### Wavelength and Energy

Posted:

**Mon Sep 26, 2016 7:28 pm**Does anyone know how to solve problem numbers 23 and 25 on the chapter one homework? I've tried many times and I can't seem to figure them out!

Thanks!

Thanks!

Created by Dr. Laurence Lavelle

https://lavelle.chem.ucla.edu/forum/

https://lavelle.chem.ucla.edu/forum/viewtopic.php?f=14&t=15361

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Posted: **Mon Sep 26, 2016 7:28 pm**

Does anyone know how to solve problem numbers 23 and 25 on the chapter one homework? I've tried many times and I can't seem to figure them out!

Thanks!

Thanks!

Posted: **Mon Sep 26, 2016 10:00 pm**

For 1.23 remember that wavelength=speed of light constant/frequency, and frequency = Energy/Planck's constant, so if Y is wavelength (because I can't figure out how to type lambda) Y=c/v and v=E/h. So you just have to set it up as

Y=hc/E

and subsitute 6.626x10^(-34) for h, 3.00x10^(8) for c, and plug in 140.511 keV for E.

Y=hc/E

and subsitute 6.626x10^(-34) for h, 3.00x10^(8) for c, and plug in 140.511 keV for E.

Posted: **Mon Sep 26, 2016 10:42 pm**

Hi!

Question 23 is asking you to calculate the wave length of these gamma waves given the energy in KeV (Kiloelectronvolts).

The first step is to convert from KeV to Joules, the SI unit for energy.

Now we have the energy of the gamma rays. For the following steps let c = speed of light, E = energy of the photon, h = planks constant, = wavelength and = frequency.

We can calculate the wavelength from this point by recalling these two formulas:

Through some rearranging and an eventual substitution we find that the wavelength can be calculated through the following equation:

Since we have already calculated the only non-constant (frequency) we can substitute our values in and solve.

All units cancel except meters and keeping in mind the 5 significant figures...

--------------------------------------

For question 25 I think this formula will be of use to you:

For part A since we are already given the wavelength of the of the light we can plug straight into the above equation after converting nm to m.

All units cancel except Joules and keeping in mind the 3 significant figures you are left with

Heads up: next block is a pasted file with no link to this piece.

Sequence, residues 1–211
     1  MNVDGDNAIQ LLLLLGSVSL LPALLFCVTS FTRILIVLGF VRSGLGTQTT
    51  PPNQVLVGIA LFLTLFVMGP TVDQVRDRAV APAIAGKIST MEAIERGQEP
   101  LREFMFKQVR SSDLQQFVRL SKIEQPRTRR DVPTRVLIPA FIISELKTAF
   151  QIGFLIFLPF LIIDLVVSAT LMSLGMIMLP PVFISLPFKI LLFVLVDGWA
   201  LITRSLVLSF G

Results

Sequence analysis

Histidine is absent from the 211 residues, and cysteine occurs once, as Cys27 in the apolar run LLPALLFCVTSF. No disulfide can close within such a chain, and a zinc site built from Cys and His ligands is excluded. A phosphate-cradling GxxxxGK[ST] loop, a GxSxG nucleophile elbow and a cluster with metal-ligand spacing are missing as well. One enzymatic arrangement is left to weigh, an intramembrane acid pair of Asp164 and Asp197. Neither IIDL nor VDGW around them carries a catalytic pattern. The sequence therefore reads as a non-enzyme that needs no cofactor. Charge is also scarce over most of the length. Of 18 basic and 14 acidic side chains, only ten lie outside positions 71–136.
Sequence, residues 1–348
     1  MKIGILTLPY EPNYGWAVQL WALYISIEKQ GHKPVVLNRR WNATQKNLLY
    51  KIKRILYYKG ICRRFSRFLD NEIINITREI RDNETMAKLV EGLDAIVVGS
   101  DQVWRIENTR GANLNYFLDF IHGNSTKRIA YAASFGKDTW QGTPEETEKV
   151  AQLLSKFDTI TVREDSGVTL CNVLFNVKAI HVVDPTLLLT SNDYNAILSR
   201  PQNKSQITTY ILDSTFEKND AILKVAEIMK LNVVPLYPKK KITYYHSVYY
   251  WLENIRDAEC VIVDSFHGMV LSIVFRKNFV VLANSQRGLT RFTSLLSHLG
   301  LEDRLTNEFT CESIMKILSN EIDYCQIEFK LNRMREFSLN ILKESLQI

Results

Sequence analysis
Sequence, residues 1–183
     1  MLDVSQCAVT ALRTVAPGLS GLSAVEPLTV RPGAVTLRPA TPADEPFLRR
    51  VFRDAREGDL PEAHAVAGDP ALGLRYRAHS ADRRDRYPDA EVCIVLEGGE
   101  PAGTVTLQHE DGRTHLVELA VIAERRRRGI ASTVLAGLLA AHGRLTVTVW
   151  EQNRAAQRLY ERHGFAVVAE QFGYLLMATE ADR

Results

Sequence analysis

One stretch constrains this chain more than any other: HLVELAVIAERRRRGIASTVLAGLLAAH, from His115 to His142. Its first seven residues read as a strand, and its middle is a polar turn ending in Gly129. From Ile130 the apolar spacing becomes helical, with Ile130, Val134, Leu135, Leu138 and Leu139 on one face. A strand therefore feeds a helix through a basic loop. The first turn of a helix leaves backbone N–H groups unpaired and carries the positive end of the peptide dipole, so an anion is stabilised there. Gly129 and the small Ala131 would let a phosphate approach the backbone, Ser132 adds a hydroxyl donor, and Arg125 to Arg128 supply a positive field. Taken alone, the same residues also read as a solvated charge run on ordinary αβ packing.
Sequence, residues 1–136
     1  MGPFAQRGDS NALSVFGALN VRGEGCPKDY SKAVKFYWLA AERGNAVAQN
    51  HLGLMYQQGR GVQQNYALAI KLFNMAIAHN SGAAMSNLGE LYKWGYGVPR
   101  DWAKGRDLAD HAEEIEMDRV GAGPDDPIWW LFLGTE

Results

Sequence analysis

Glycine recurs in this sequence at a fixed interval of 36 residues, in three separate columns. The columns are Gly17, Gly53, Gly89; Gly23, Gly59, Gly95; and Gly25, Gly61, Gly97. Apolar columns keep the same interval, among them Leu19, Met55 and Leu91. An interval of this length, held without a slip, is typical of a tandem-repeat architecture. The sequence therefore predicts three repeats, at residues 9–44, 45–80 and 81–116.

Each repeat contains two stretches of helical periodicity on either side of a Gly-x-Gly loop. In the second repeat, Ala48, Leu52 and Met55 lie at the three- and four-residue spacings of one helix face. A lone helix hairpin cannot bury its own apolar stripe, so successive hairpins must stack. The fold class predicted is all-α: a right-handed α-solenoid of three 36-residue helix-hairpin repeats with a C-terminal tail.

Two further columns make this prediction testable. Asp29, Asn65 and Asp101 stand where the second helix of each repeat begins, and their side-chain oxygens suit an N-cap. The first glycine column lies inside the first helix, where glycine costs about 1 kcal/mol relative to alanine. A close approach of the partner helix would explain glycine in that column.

Keep in mind that this is the amount of energy emitted PER ATOM OF Na.

For part B you need to calculate how many atoms of Na you have. You do so using the molar mass of Na, which is 22.99g*mol^{-1}, and recall Avogadro's number, 6.022x10^{23}. In the following calculation I am converting grams to moles, then moles to atoms, and then atoms to Joules using the above calculation that told us one atom emits 3.37x10^{-19}J.

All units cancel except Joules and keeping in mind 3 significant figures...

For part C you are already given the amount of moles so you just need avogadro's number to find the number of atoms.

This leaves you with joules per mol which is ok because the problem is asking how much energy ONE mole of Na atoms emits.

Sorry about the long post, but I hope I helped! If you have any questions about the above work please ask! (:

Question 23 is asking you to calculate the wave length of these gamma waves given the energy in KeV (Kiloelectronvolts).

The first step is to convert from KeV to Joules, the SI unit for energy.

Now we have the energy of the gamma rays. For the following steps let c = speed of light, E = energy of the photon, h = planks constant, = wavelength and = frequency.

We can calculate the wavelength from this point by recalling these two formulas:

Through some rearranging and an eventual substitution we find that the wavelength can be calculated through the following equation:

Since we have already calculated the only non-constant (frequency) we can substitute our values in and solve.

All units cancel except meters and keeping in mind the 5 significant figures...

--------------------------------------

For question 25 I think this formula will be of use to you:

For part A since we are already given the wavelength of the of the light we can plug straight into the above equation after converting nm to m.

All units cancel except Joules and keeping in mind the 3 significant figures you are left with

Keep in mind that this is the amount of energy emitted PER ATOM OF Na.

For part B you need to calculate how many atoms of Na you have. You do so using the molar mass of Na, which is 22.99g*mol

All units cancel except Joules and keeping in mind 3 significant figures...

For part C you are already given the amount of moles so you just need avogadro's number to find the number of atoms.

This leaves you with joules per mol which is ok because the problem is asking how much energy ONE mole of Na atoms emits.

Sorry about the long post, but I hope I helped! If you have any questions about the above work please ask! (:

Posted: **Fri Sep 30, 2016 1:33 pm**

Thank you so much, this problem was giving me trouble as well. Now I understand!